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This quadrature encoder works with our micro metal gearmotors, 42×19mm wheel, and extended bracket to measure the rotation speed and direction of the wheel. With twelve teeth on the wheel, the system provides a resolution of 48 counts per revolution, which corresponds to a linear resolution of just under 3 mm or 1/8".
This quadrature encoder board is designed to work with Pololu micro metal gearmotors by holding two infrared reflectance sensors inside the hub of a Pololu 42×19mm wheel and measuring the movement of the twelve teeth along the wheel’s rim. The two sensors are spaced to provide waveforms approximately 90 degrees out of phase, allowing the direction of rotation to be determined and providing four counts per tooth for a resolution of 48 counts per wheel rotation. Each analog sensor signal is fed to a comparator with hysteresis to provide glitch-free digital outputs. The compact layout of the board fits all of the components within the envelope of the hub and tire, allowing the board to be mounted between the motor and a chassis. The encoder is calibrated for operation from 4.5 V to 5.5 V, but it can be recalibrated for operation at 3.3 V.
Example code for the encoders is provided with the Pololu AVR Library. The example shows how the encoders can be used with AVR-based robot controllers, including the Orangutan Robot Controllers and the Arduino platform.
Note that this encoder will only work with the Pololu 42×19mm wheel. If you are looking for a higher-resolution quadrature encoder that works with micro metal gearmotors and arbitrary wheels, consider the optical encoder pair kit for micro metal gearmotors (though additional signal conditioning might be required). We also have versions of our larger 25D mm and 37D mm metal gearmotors with integrated quadrature encoders.
Note: This encoder is designed to work with our 5:1 to 298:1 micro metal gearmotors. Motors are not included and must be purchased separately. This encoder with the 1000:1 gear ratio version of our micro metal gearmotors due to the longer gearbox.
Using the Encoder
The encoder is designed to fit within the outline of the extended micro gearmotor brackets that are in turn designed to work with the Pololu 42×19mm wheel and Pololu micro metal gearmotors, so most applications that can use that bracket should require little or no modifications, though it should be noted that the 1/16" thickness of the PCB will change the height of a chassis relative to the wheel. For convenience, we offer an encoder set that includes two encoders, a pair of 42×19mm wheels, and a pair of extended brackets; the micro metal gearmotors are sold separately. These encoders are only compatible with the 42×19mm wheel, extended micro gearmotor bracket, and 5:1 to 298:1 versions of the micro metal gearmotors.
The power and output connections are brought out to the end of the PCB under the motor terminals so that wiring to all six terminals can be routed together. Wires can be soldered directly to the through-hole power and output pads, or some connectors with a 0.1" spacing, such as our 0.1" female header or 0.1" male header strip, can also be used.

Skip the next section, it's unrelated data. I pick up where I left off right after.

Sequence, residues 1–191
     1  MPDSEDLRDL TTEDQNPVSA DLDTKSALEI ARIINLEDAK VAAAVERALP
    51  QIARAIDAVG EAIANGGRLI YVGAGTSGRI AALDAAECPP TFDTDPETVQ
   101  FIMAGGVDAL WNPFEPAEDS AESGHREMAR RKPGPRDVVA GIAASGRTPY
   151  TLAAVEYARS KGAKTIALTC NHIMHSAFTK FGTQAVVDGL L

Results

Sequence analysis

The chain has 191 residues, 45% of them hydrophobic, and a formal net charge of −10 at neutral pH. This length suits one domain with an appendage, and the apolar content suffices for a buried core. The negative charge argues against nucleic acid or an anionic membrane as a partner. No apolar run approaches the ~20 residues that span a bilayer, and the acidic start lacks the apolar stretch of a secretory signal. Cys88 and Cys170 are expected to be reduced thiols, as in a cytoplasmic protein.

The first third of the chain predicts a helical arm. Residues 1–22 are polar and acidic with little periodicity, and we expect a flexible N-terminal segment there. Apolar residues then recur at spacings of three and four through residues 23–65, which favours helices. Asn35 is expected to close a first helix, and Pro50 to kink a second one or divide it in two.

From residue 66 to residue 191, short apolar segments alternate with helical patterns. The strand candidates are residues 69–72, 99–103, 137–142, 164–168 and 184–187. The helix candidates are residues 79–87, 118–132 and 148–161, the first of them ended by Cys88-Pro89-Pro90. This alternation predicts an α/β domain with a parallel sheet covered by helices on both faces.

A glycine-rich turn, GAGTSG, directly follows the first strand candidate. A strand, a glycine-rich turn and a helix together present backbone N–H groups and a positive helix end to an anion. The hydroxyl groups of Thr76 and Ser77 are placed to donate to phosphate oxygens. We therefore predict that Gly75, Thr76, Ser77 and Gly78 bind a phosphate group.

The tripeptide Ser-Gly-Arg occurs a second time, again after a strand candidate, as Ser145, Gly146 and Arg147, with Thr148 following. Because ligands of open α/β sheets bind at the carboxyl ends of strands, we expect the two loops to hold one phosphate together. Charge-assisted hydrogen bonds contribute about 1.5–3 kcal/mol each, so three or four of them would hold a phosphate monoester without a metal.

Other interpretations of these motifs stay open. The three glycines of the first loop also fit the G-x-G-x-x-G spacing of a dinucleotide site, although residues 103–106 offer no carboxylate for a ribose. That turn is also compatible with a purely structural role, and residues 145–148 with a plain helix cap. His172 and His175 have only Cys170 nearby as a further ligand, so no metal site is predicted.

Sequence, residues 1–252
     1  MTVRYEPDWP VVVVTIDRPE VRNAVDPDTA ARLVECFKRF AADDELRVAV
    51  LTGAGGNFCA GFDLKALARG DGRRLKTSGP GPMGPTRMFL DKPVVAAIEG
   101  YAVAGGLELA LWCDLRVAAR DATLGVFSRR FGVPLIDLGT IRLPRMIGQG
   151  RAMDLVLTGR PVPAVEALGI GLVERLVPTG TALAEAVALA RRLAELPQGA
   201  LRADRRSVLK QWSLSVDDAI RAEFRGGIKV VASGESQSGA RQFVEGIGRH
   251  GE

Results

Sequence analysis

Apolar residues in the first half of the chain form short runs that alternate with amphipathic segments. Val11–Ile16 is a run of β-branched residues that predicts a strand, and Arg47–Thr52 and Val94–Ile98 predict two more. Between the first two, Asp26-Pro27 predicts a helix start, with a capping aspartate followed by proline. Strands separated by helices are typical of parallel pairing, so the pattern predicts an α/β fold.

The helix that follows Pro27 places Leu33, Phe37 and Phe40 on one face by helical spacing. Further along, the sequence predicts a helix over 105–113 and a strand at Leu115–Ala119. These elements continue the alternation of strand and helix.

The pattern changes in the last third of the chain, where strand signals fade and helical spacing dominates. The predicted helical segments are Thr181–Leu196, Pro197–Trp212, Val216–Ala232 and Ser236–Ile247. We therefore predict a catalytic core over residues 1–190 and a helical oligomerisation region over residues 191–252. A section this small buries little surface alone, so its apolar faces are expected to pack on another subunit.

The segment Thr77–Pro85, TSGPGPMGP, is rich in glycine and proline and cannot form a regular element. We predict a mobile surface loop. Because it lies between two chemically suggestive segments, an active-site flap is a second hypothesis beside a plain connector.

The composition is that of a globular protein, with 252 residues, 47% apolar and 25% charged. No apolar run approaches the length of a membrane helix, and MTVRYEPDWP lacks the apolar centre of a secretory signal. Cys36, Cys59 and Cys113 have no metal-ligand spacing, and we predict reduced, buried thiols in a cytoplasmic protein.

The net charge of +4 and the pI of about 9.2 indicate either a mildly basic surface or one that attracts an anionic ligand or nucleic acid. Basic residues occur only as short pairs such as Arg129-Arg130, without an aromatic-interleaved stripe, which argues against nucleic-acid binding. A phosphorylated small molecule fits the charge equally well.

The two outputs of the encoder are digital outputs that can be connected directly to digital input pins on most microcontrollers (inputs that can generate interrupts on change are recommended). With 48 state changes per revolution of the 42 mm wheel, a speed of 1 m/s (a bit over 3 feet per second) generates approximately 360 state changes per second. With two encoders used simultaneously, as is the case for most differential-drive robots, the encoders will require attention almost every millisecond. Decoding the encoder outputs should only take a few percent of the processing power of a high-performance microcontroller such as the Atmel AVR used in the Pololu Orangutan robot controllers, but the encoders might be difficult to use with slower microcontrollers without available external interrupts.
Modifying the Encoder for 3.3 V Operation
The encoder is calibrated for 5.0 V operation, but it can be modified for operation at 3.3 V. The modification consists of two steps: reducing the IR emitter current-limiting resistance, and calibrating for the two phototransistor sensors (a simplified schematic diagram of the encoder is shown below). The IR emitter current-limiting resistance for the two emitters, which are in series, is implemented by R1 and R4; bypassing R4 with a short halves the resistance from power to the LEDs. R4 is labeled on the circuit board silkscreen; one simple way to bypass it is to solder a thin solid wire (such as the lead of a 1/4-watt resistor) to both sides of the resistor and then to clip off the excess wire. With the resistor bypassed and the circuit powered at 3.3 V, the encoder will draw approximately 10 mA.
Next, the encoder must be calibrated (to compensate for the dimmer IR LEDs). Each channel has a separate trimmer potentiometer that can be adjusted such that at a constant wheel speed, the output of the channel is a square wave with 50% duty cycle. This is easiest with an oscilloscope connected to the outputs, but it can also be done with a microcontroller programmed to measure the duty cycle of the outputs. If the duty cycle is too high (or there are no low pulses at all), the potentiometer should be turned clockwise; if the duty cycle is too low, the potentiometer should be turned counter-clockwise.
Note: The trimmer potentiometer is very small, and it can be damaged by using a screwdriver that is not the correct size.
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